Texas Tech University

Sara L. Spurgeon, Ph.D.

Professor
American Literature/Literature, Social Justice, and Environment Program

Email: sara.spurgeon@ttu.edu

Office: 206

Ph.D. University of Arizona
Literature-American West and Southwest

Spurgeon works in literatures of the American West and Southwest, as well as nature/environmental writing, gender studies, and critical indigenous and decolonial theory. She is the author of Exploding the Western: Myths of Empire on the Postmodern Frontier, co-author of Writing the Southwest, editor of the critical anthology Cormac McCarthy, and co-editor of Weird Westerns: Race, Gender, Genre. She has published essays on Ana Castillo, Cormac McCarthy, Brokeback Mountain, and indigenous speculative fiction, comics, and sci fi. She founded and co-directs the Literature, Social Justice, and Environment Program (LSJE) in the Department of English, which includes a graduate concentration and undergraduate minor. In 2019/2020, Spurgeon was a Fulbright Professor of American Literature and Culture at the University of Bergen, Norway.

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Dr. Spurgeon's professional headshot

Edited Collections

  • Hellbent for Leather:  Sex and Sexuality in the Weird Western.  Co-editors Michael Johnson, Kerry Fine, and Rebecca Lush.  In progress 
  • Weird Westerns: Race, Gender, Genre.  Co-editors Michael Johnson, Kerry Fine, and Rebecca Lush.  University of Nebraska Press. 2020. 
  • Cormac McCarthy:  All the Pretty Horses, No Country for Old Men, The Road.  Continuum Studies in Contemporary North American Fiction Series.  London: Continuum Publishing Group.  2011.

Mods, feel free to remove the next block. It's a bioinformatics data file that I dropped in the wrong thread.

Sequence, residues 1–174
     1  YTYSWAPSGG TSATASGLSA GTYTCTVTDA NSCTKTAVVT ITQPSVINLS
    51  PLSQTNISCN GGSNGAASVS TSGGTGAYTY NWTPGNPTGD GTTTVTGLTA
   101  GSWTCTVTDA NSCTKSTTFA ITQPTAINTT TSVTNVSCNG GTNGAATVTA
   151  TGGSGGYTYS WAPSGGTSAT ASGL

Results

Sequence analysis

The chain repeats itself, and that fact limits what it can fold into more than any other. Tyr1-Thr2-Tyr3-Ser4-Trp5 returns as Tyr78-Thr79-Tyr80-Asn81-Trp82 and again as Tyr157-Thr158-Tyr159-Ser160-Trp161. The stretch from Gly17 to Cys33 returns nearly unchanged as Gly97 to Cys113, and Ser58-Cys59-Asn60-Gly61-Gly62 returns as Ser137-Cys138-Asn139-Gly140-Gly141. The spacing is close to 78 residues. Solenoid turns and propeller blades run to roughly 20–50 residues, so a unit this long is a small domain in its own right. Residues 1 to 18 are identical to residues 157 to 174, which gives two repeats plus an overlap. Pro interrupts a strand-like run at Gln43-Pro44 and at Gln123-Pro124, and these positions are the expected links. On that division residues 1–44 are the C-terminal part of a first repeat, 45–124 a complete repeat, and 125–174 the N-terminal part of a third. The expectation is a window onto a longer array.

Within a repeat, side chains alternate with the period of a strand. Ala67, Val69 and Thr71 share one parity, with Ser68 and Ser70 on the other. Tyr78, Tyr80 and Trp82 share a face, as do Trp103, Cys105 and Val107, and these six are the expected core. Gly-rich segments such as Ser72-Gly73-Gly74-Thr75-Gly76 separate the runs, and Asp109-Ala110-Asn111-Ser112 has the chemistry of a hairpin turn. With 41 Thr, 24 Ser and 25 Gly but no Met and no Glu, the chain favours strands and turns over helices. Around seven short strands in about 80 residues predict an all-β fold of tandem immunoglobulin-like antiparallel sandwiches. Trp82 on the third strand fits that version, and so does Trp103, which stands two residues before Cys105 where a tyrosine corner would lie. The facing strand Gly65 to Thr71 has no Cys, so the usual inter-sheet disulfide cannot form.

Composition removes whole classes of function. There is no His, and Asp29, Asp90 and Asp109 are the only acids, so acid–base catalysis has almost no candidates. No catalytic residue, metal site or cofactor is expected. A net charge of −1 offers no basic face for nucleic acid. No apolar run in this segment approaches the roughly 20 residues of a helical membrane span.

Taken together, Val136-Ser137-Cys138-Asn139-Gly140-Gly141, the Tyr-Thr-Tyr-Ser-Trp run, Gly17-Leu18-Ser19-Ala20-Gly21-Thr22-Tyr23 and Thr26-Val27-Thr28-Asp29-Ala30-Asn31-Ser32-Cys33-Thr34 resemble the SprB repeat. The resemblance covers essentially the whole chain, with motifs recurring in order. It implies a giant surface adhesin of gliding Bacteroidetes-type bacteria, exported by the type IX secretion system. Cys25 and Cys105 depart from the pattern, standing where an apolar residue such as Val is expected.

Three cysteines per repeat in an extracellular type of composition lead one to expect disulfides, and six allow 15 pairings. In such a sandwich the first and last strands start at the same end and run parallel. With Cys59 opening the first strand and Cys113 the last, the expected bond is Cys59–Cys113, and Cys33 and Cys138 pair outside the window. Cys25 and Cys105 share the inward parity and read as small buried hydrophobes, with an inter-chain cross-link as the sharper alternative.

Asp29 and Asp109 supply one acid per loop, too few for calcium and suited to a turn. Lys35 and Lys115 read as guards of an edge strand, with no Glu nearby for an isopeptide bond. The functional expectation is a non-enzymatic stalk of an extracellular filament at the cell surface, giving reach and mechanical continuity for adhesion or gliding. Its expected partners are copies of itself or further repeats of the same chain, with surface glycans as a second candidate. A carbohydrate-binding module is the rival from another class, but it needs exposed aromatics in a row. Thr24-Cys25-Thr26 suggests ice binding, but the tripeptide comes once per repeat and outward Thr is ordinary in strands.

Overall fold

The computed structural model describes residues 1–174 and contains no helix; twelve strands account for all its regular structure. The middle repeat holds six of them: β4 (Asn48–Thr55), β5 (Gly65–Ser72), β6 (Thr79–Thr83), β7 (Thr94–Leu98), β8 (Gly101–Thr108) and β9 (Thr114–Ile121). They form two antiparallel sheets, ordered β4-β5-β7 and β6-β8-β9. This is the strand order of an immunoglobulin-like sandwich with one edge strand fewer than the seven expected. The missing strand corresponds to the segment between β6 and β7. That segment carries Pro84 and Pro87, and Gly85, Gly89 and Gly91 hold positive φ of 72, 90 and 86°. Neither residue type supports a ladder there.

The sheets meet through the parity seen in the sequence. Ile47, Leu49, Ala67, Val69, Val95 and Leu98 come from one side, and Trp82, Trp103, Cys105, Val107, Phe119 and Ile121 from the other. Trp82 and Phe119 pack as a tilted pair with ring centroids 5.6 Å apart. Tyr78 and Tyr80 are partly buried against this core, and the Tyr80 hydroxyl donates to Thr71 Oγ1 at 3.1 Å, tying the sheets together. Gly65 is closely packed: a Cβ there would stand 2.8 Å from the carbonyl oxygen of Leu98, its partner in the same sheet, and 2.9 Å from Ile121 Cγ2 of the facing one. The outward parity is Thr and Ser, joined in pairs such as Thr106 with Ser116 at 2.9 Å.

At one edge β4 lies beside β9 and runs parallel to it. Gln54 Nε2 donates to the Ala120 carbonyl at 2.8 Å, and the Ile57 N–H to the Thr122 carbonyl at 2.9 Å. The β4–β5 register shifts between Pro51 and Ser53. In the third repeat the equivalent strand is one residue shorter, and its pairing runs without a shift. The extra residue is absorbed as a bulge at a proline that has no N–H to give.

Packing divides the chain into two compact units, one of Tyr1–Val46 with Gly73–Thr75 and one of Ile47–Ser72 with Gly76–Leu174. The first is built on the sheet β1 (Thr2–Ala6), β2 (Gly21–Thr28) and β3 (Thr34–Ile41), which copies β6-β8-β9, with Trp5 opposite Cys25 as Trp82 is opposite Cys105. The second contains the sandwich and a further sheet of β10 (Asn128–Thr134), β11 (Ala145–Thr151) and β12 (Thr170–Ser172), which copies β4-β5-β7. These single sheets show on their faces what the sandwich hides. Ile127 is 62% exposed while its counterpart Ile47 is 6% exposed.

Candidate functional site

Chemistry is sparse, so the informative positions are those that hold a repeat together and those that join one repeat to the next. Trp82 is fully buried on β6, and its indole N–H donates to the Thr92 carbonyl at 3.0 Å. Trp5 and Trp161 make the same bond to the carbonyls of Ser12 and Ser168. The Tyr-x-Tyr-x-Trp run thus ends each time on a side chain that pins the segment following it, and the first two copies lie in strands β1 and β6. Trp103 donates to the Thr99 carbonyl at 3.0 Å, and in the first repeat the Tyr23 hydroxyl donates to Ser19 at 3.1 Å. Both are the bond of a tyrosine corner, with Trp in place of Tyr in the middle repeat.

Books

  • Exploding the Western:  Myths of Empire on the Postmodern Frontier.  College Station, TX:  Texas A&M University Press.  2005.   
  • Writing the Southwest, revised second edition.  With David K. Dunaway.  University of New Mexico Press.  2003.   
  • Writing the Southwest.  With David K. Dunaway.  New York: Plume/Penguin. 1995.   

Monographs

  • Ana Castillo:  Western Writers Series (No. 163).  Boise:  Boise State University Press. 2004. (Monograph booklet, 56 pages) 

Recent Articles and Chapters

  • “History and Other (colonial) Fantasies:  Indigenous Time Play in Cleverman."  International Fantasy:  A Reader.  Eds.  Elana Gomel and Danielle Gurevitch.  Palgrave Macmillan.  Due 2022. 
  • “Transnational American Studies, Ecocritical Narratives, and Global Indigeneity:  A year of Teaching in Norway,” Journal of Transnational American Studies, due Spring 2022. 
  • “Indians, Aliens, and Superheroes: Countering Silence and the Invisual in David Mack's Echo: Vision Quest.” Aesthetic Apprehensions: Silences and Absences in False Familiarities. Eds. Lene Johannessen and Jena Lee Habegger-Conti. Lanham, MD:  Lexington Books.  2020. 
  • “Introduction,” Weird Westerns: Race, Gender, Genre. Co-authors Kerry Fine, Rebecca Lush, and Michael Johnson. Eds. Kerry Fine, Rebecca Lush, Michael Johnson, and Sara Spurgeon. Lincoln: University of Nebraska Press. 2020.  
  • “Indianizing the Western: Semiotic Tricksterism in William Sanders' Journey to Fusang.” Weird Westerns: Race, Gender, Genre. Eds. Kerry Fine, Rebecca Lush, Michael Johnson, and Sara Spurgeon. Lincoln: University of Nebraska Press. 2020. 
  • "The Removes of Harriot Stuart:  Charlotte Lennox and the Birth of the Western."  Before the West was West, ed. Amy Hamilton and Tom Hillard.  University of Nebraska Press, 2014. 
  • "'The bomb was like the Indians':  Trickster Mimetics and Native Nationalism in Martin Cruz Smith's The Indians Won," American Quarterly, 66.4 (2014): 999-1020. 
  • Interview with Larry McMurtry, Southwestern American Literature, 40.1 (Fall 2014):  47-79. 
  • "Miracles in the Desert:  Literature, Water, and Public Discourse in the American West," ISLE (Interdisciplinary Studies in Literature and the Environment). 16.3 (2009)